Interest in QR codes may be dwindling in the West but the technology is going strong in China, and increasingly popular in India too.

Their success has been helped by tech giants such as Tencent and Alibaba pushing the concept to consumers, with Alipay (presently China’s most popular online payment method) adopting the tech in 2011.

QR codes technology has been integrated into China’s most popular messaging app, WeChat, both as a means of payment and as a method of quickly adding contacts.

This integration of QR reader software into a commonly used messaging app may partially help explain the widespread use of QR technology in China.

The WeChat app is so widely used already that it doesn’t seem like an arduous process to scan a QR code in the same way downloading a dedicated QR scanner app and navigating to it each time a user sees a code offline.

China’s language may also be partly responsible for QR code popularity. Rendering the complex language into written form is tricky and time-consuming, and Chinese mobile users tend to avoid typing it where possible.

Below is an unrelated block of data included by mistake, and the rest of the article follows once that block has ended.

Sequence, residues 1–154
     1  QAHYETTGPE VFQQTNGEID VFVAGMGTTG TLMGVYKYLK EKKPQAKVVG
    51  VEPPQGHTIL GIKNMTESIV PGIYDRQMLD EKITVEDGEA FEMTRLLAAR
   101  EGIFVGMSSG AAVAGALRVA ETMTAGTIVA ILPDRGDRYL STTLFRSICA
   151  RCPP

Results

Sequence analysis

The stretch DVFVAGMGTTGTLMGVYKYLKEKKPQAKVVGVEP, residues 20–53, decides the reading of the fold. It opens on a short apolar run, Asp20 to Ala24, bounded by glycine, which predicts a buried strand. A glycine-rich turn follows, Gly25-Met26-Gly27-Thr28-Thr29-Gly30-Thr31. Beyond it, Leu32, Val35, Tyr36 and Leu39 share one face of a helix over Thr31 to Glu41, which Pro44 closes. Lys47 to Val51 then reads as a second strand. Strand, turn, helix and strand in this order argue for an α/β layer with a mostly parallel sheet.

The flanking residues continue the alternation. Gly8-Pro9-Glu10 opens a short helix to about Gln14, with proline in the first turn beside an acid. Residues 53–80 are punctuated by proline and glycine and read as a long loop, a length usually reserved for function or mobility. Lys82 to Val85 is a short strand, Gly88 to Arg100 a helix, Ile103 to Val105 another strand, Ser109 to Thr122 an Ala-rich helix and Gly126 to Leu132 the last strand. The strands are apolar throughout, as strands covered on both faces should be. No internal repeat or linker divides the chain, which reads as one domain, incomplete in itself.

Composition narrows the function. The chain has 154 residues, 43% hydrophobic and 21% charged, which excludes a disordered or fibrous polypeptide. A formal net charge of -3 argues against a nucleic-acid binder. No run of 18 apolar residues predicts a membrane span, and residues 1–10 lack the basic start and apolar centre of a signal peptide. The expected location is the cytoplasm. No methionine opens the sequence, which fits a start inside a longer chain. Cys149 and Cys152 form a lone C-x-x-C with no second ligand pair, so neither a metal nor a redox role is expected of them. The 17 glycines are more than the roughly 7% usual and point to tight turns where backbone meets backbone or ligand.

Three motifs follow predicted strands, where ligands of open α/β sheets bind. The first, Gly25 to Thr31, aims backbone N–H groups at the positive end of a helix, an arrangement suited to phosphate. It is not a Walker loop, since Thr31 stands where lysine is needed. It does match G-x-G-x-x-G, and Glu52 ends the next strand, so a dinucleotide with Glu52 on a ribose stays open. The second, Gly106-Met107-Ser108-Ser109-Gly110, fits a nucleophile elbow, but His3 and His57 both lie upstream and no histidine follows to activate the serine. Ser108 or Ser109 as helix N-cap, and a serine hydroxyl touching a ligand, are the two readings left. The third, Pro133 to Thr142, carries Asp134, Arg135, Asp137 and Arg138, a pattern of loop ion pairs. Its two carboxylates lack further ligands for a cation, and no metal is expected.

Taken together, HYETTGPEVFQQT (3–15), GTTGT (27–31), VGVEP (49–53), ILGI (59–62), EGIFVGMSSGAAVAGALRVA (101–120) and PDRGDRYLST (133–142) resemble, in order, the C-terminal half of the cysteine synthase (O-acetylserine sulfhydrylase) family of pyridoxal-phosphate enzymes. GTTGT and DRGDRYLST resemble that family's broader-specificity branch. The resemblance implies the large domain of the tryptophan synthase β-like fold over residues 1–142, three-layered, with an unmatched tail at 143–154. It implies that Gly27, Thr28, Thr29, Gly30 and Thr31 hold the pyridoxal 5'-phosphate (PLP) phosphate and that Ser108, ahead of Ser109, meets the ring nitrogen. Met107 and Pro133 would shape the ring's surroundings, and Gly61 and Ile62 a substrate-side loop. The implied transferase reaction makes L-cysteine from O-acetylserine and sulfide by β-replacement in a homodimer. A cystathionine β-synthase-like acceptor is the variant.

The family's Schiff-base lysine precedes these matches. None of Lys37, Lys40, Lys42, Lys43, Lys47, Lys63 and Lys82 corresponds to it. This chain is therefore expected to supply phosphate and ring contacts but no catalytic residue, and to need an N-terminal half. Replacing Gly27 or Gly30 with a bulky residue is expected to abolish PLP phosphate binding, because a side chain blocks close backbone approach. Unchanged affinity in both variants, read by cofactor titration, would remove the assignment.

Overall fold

Mobile users will commonly record short voicemail messages rather than type out a written message. QR codes can help them quickly access a brand online rather than having to type out the name in mobile search.

Brands have very limited ability to contact consumers in WeChat – unless that is, they persuade the consumer to follow their account. Brands can use QR codes to encourage people to follow them, after which they can send them more targeted and personalized communications.

It’s very common for brands to entice users to scan their QR code, taking them to the brand’s WeChat account where the user is encouraged to subscribe using promises such as special offers.

Starbucks added over a quarter of a million WeChat followers by adding a QR code to the lid of one of its drinks. Other brands have used QR code technology to prevent counterfeiting.

Users can scan the QR code to find vital product information such as the supply chain history.